* Contact your state higher education agency to get information about state aid, including aid from the State Student Incentive Grant (SSIG) Program, which is jointly funded by individual states and the U.S. Department of Education.

* Volunteer--the AmeriCorps' NCCC (National Civilian Community Corps) allows you to travel the U.S. full-time, while making a difference in people's lives by building affordable housing to provide disaster relief. Upon completions of the 10-month program, you'll get nearly $5,000 to help pay for school. Visit for details.

* Network in your neighborhood--friends, neighbors, community activists, sororities and fraternities, and local business people often award scholarships to community students who need funding for college.

* When applying for scholarships, don't get discouraged about not having a perfect 4.0 GPA; believe it or not, there are scholarships that you are eligible for. You've got to rework your strategy by taking a self-inventory of everything that you've got going for yourself outside of the classroom (community service, church affiliation, hobbies, sports, etc.), and apply for scholarships that reward those qualities.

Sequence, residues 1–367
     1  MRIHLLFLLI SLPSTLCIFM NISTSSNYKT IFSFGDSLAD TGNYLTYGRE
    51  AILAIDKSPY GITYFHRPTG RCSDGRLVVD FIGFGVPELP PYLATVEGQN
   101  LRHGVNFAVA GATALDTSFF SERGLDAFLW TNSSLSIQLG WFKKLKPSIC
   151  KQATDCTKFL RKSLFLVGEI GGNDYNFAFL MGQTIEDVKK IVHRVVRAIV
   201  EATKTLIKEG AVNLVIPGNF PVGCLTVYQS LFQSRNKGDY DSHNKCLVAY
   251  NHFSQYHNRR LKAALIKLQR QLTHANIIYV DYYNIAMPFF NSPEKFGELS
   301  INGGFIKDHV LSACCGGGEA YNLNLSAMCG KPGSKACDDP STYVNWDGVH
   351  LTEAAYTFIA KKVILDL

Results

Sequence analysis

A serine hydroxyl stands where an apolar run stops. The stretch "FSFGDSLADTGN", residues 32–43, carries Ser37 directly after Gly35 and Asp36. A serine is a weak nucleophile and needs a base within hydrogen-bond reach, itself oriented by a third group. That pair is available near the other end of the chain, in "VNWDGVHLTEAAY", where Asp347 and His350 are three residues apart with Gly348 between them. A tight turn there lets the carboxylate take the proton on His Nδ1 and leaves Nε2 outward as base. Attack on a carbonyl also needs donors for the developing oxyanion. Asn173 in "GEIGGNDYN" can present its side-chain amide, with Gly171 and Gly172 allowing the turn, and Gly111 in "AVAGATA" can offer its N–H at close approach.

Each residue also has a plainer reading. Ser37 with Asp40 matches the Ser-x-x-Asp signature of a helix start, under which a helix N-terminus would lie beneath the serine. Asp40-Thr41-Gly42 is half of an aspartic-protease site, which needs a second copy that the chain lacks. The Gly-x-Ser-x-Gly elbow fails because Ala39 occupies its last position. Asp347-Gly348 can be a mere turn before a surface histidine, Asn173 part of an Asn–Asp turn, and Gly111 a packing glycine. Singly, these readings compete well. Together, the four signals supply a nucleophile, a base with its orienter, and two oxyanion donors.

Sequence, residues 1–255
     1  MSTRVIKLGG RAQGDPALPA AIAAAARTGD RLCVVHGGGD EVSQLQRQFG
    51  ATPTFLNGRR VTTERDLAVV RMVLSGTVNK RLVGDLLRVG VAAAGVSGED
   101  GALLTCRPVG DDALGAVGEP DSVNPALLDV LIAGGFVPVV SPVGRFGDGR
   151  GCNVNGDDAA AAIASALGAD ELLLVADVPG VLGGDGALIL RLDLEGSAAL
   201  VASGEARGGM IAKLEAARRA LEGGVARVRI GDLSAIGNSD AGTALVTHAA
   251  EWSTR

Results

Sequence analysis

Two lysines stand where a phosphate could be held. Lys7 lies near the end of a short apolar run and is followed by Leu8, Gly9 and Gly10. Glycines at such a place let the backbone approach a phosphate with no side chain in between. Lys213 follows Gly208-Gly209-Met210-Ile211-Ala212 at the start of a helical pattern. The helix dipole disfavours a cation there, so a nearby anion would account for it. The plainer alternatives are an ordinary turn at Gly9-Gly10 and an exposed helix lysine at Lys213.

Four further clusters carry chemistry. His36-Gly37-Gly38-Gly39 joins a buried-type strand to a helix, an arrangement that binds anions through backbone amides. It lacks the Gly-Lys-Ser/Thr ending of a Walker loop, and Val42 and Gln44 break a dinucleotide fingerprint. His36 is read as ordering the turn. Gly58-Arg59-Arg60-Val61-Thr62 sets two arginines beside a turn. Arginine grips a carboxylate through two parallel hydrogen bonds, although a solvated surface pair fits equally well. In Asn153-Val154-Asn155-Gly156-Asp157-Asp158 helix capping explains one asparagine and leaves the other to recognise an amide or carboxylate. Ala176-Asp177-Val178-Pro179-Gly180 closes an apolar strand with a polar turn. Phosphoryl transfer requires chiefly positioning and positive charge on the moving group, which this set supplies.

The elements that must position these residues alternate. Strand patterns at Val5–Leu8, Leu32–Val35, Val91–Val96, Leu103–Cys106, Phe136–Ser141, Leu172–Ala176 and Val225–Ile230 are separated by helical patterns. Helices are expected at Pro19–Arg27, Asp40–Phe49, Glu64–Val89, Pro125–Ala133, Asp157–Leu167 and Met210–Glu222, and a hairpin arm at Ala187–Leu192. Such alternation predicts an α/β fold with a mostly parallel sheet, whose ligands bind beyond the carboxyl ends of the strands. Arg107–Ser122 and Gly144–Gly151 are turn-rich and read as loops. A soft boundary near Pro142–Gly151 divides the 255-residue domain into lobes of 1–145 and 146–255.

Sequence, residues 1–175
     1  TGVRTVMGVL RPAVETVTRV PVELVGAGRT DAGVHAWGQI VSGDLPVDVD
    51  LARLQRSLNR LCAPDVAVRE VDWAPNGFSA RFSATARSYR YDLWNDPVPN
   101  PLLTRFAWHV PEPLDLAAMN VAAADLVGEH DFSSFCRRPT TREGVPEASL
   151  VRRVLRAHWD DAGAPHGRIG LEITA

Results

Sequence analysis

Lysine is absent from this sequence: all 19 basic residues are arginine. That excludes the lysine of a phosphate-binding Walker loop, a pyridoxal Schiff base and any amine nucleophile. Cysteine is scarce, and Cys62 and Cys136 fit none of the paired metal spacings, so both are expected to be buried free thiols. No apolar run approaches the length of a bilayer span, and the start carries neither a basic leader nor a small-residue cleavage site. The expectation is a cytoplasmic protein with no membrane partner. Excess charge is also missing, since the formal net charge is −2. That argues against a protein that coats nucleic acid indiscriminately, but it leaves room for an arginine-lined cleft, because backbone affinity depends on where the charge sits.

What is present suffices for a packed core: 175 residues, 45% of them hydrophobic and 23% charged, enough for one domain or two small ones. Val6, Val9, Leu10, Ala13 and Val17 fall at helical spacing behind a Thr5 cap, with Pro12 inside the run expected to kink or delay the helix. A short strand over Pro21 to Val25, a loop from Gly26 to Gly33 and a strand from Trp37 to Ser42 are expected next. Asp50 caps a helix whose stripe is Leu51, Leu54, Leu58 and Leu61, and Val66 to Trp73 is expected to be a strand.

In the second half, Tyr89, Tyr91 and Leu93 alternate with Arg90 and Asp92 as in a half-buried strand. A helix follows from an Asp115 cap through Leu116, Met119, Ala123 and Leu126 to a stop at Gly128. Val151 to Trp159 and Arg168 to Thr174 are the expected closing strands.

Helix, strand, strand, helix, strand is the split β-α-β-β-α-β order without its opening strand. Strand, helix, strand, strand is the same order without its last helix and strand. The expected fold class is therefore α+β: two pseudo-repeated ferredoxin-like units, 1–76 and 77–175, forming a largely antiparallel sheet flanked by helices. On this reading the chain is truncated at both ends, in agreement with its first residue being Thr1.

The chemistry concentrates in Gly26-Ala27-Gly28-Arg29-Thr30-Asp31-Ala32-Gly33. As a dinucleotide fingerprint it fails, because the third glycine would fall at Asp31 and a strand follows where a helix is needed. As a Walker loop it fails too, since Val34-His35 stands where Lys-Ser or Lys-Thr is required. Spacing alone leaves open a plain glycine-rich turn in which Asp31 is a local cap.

Once you take this approach, you're more likely to find money in some of the most unusual places. Here are just a few examples:

Psychics. Are you a budding psychic? If so, the Eileen J. Garrett Scholarship for parapsychology has a $3,000 scholarship offer for you. Visit

Golfers. Each year the National Minority Junior Golf Scholarship Association awards one-time grants of $1,000. Visit

Female coaches. More Sisters are needed in the locker room. The NCAA sponsors the Ethnic Minority and Women's Internship Grant Program to encourage diversity among the NCAA membership's athletics personnel. Funding will cover the intern's salary and travel expenses for NCAA events. Visit for details.

Future filmmakers. This year, the Academy of Motion Picture Arts and Sciences' Academy Foundation Institutional Grants Program has awarded $500,000 to 47 universities, colleges and cultural organizations throughout the United States and in two foreign countries. Visit for more details.